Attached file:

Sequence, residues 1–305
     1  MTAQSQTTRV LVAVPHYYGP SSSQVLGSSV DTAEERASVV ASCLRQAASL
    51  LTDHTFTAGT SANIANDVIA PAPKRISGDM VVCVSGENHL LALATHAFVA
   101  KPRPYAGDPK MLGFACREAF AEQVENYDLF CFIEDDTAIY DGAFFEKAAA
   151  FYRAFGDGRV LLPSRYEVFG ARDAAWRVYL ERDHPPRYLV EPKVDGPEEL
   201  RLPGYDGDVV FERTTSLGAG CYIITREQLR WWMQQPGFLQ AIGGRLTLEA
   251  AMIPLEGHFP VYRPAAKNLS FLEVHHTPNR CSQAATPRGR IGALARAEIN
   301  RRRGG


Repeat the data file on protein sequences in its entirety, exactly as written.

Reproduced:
Sequence, residues 1–305
     1  MTAQSQTTRV LVAVPHYYGP SSSQVLGSSV DTAEERASVV ASCLRQAASL
    51  LTDHTFTAGT SANIANDVIA PAPKRISGDM VVCVSGENHL LALATHAFVA
   101  KPRPYAGDPK MLGFACREAF AEQVENYDLF CFIEDDTAIY DGAFFEKAAA
   151  FYRAFGDGRV LLPSRYEVFG ARDAAWRVYL ERDHPPRYLV EPKVDGPEEL
   201  RLPGYDGDVV FERTTSLGAG CYIITREQLR WWMQQPGFLQ AIGGRLTLEA
   251  AMIPLEGHFP VYRPAAKNLS FLEVHHTPNR CSQAATPRGR IGALARAEIN
   301  RRRGG